SIGNIFICANCE OF MAHATMA GANDHI
Mahatma Gandhi is one of the most important figures in India’s history and played a vital role in both the Indian Independence Movement and Indian National Congress. Gandhi was born on October 2nd, 1869 in the city of Porbandar in western British India. His name at birth was Mohandas Karamchand Gandhi. The name ‘Mahatma’ was given to him later in life and literally translates to ‘Great Soul’, which is a reference to the role he played in helping India gain its independence from Britain.
Gandhi is one of the most inspirational and influential figures in all of world history and especially related to the Age of Imperialism. What made Gandhi so significant was how he helped India achieve its freedom. He played a pivotal role in the Indian Independence Movement and inspired other prominent historical figures. For instance, Gandhi pioneered the use of non-cooperation protest.
The Indian Independence Movement expanded in 1915 when Mahatma Gandhi returned to India following his time in South Africa. Before arriving in India in 1915, Gandhi had helped lead an Indian nationalist movement in South Africa, in which he argued for more rights and better treatment of Indians there. He used this experience in South Africa to carry out similar actions in India. In fact, Gandhi became the leader of the Indian National Congress in 1920, and quickly began to organize and carry out protests calling for an end to British imperialism in India. Gandhi’s concept of independence is often referred to as ‘swaraj’. In general, the term sawarj means self-government or self-rule and refers to the idea that Gandhi (along with other members of the Indian Independence Movement) wanted India to gain its independence from British imperial rule. He did this through several different ways, but Gandhi is most famous for his non-cooperation movement based on civil disobedience. In general, civil disobedience is when individuals refuse to follow the orders or laws of a society that they feel are unjust or discriminatory. Gandhi believed that India could gain its independence and achieve swaraj if it stopped cooperating with British laws, thus forcing the British to adapt to the Indian people instead of the other way around. He argued that the best way for Indian to obtain self-government (swaraj) was through a non-cooperation movement in which the Indian people refused to follow British laws.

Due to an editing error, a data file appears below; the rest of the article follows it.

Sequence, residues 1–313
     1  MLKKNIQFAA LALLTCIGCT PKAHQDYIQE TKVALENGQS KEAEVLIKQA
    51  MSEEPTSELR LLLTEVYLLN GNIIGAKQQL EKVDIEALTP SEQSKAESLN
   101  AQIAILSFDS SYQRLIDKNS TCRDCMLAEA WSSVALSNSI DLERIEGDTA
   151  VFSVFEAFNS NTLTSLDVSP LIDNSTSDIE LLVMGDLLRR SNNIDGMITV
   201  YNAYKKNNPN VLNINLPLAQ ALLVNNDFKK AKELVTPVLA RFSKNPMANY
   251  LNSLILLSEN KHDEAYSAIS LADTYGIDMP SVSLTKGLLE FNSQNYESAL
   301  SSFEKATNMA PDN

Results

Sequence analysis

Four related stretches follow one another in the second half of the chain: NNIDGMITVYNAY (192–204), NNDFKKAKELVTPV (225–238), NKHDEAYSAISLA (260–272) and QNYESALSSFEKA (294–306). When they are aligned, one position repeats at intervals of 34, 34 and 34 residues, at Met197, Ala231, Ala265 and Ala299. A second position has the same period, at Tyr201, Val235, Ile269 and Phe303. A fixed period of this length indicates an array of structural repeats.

Gandhi’s non-cooperation campaign focused on protesting Britain’s economic and political control over India. He argued that in order for Indians to force Britain out of India, the people of India had to practise civil disobedience through non-violence. As such, he advocated techniques such as hunger strikes and other forms of protest that did not involve the Indian people responding with violence.